A frequently asked question from employers is “I received a positive test result. What do I do now?” Employers should have a policy in place to answer this question. But even with a policy, other considerations may come into play such as unions, state laws, or federal laws. What is usually scarier is determining how to properly handle situations such as when the donor left the collection prior to providing a specimen: this could be due to a shy bladder, the person just leaving, or other reasons. The Designated Employer Representative (DER) of the company NOW must make the determination as to whether it was a refusal to test, which can have serious consequences, especially for Federal/DOT testing.
Other challenges may involve, receiving a notice of a safety concern from the MRO, employee claims of a false positive or that the collection site “messed up” the collection, need for a Shy Bladder evaluation, or collector error that resulted in a canceled test. These are just some issues you should be prepared to handle. Make sure to visit our other articles and videos that go more in-depth on drug testing issues and offer solutions and suggestions to best handle them.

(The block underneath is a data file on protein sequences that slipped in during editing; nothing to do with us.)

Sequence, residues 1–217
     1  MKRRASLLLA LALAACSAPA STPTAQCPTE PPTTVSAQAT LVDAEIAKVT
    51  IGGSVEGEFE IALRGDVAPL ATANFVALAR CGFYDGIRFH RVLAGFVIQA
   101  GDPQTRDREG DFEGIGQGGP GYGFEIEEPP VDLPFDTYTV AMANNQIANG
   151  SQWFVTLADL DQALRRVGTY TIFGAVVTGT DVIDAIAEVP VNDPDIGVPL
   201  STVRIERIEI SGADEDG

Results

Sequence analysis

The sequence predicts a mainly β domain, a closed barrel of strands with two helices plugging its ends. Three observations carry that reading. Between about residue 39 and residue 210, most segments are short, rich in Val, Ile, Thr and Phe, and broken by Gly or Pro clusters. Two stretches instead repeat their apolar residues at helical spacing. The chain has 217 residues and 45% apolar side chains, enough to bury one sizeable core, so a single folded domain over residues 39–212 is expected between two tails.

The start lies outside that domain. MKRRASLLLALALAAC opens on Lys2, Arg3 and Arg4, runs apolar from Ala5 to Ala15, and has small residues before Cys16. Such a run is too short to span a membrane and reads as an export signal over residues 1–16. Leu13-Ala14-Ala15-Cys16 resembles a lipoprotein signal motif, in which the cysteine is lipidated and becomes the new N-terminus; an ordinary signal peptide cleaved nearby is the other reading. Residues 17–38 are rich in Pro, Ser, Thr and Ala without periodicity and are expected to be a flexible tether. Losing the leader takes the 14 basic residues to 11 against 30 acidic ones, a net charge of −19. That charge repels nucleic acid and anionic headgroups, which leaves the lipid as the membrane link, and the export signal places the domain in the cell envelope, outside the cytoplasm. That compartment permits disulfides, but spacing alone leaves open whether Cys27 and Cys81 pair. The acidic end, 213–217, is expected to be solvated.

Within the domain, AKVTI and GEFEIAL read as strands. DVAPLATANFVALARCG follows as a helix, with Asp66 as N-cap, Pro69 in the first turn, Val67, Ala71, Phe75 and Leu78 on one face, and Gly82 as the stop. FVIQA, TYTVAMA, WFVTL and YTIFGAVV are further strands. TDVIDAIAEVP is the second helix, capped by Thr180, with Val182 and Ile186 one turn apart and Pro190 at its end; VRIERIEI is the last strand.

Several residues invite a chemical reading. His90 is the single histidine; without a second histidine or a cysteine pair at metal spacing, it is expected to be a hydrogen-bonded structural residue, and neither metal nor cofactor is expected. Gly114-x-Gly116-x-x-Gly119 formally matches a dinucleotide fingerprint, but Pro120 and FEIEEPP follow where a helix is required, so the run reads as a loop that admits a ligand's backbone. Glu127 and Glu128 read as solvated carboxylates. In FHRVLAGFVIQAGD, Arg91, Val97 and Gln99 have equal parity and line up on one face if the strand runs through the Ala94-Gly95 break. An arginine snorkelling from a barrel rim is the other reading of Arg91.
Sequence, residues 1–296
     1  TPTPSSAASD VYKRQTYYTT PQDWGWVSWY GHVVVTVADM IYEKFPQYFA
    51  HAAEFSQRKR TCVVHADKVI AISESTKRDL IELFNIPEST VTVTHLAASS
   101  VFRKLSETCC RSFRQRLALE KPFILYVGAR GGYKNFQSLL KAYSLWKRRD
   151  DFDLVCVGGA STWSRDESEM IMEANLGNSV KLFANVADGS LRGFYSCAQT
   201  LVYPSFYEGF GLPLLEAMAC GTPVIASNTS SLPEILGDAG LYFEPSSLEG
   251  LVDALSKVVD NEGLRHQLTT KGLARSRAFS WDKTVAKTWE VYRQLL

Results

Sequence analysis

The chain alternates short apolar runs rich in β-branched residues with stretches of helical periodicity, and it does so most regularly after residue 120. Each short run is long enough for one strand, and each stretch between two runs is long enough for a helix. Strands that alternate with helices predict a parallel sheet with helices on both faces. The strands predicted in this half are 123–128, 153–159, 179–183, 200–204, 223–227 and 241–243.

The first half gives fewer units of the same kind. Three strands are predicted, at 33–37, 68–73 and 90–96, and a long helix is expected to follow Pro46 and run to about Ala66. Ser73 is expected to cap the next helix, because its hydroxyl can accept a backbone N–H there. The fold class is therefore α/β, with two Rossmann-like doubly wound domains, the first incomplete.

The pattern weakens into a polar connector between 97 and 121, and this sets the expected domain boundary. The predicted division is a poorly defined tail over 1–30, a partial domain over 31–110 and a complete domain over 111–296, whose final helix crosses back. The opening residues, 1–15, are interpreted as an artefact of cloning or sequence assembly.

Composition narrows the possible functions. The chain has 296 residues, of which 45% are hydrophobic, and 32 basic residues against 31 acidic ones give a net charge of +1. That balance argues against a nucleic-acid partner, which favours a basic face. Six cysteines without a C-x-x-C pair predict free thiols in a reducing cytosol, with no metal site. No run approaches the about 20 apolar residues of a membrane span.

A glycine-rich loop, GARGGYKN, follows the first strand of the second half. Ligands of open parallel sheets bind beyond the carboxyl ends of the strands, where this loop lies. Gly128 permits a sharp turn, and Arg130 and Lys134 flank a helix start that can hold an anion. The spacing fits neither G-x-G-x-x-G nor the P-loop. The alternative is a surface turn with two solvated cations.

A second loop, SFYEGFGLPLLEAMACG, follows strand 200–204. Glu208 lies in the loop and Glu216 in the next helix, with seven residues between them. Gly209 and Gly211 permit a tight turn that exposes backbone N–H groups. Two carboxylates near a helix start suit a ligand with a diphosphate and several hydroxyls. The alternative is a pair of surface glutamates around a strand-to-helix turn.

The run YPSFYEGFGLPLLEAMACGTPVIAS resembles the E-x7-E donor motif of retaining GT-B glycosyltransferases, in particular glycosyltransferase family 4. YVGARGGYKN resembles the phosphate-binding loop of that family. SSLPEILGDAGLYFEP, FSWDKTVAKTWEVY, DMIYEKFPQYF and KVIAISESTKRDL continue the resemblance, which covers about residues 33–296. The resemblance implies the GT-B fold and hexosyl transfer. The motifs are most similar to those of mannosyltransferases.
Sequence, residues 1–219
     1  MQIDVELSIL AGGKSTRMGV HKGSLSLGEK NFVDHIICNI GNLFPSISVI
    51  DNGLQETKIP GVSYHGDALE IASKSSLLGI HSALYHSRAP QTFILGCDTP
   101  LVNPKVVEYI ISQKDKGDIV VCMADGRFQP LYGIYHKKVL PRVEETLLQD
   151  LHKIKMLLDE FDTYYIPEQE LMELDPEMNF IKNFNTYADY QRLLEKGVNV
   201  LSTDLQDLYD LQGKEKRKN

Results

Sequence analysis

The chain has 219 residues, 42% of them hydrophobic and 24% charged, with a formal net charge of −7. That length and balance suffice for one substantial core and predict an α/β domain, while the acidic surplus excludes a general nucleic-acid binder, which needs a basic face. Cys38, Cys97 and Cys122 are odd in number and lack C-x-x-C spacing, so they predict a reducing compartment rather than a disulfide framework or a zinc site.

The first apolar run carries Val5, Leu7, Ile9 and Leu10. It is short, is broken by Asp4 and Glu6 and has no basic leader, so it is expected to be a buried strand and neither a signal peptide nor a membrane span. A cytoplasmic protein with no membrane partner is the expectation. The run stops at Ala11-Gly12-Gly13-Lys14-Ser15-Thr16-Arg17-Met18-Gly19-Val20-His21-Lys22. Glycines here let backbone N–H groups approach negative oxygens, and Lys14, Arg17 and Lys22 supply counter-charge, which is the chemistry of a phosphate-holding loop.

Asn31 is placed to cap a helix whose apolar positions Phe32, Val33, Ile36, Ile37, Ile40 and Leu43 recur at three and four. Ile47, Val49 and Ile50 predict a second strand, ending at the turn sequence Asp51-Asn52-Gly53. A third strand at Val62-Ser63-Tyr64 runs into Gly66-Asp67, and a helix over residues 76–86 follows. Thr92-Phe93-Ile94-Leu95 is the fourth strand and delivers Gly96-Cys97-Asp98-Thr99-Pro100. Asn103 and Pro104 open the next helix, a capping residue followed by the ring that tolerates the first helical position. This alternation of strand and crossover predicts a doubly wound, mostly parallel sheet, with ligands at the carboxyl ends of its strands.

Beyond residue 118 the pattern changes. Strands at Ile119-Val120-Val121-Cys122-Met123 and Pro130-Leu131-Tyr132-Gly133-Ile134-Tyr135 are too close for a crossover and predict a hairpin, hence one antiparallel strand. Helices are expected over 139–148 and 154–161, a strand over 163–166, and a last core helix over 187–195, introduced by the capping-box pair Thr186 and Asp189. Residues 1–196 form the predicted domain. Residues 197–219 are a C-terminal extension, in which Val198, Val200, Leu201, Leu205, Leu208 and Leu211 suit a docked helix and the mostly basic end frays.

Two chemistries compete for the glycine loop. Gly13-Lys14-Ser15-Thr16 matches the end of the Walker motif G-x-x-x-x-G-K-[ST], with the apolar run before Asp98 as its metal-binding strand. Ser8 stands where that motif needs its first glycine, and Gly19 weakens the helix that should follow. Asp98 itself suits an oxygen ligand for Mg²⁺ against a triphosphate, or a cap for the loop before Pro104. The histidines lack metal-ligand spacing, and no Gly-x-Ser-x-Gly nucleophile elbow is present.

Be Aware So that You Can Beware
Dr. Robert Rohm once stated, “You cannot beware of something until you are first aware of it”. Now that you are more aware of things that may go wrong or lead to problems, you can proactively take steps to prevent these from occurring and implement processes to best handle things outside your control when they do happen. Being aware of issues that may arise during the drug testing process is the first step. Now it is time to take action so that issues do not become challenges or even worse, scary problems!